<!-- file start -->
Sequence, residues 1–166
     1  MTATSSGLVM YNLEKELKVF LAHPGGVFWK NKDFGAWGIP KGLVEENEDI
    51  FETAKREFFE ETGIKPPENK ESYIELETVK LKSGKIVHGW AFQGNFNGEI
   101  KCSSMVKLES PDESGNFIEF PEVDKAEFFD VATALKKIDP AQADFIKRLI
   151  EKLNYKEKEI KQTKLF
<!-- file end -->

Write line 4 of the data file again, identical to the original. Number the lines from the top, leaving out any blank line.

   101  KCSSMVKLES PDESGNFIEF PEVDKAEFFD VATALKKIDP AQADFIKRLI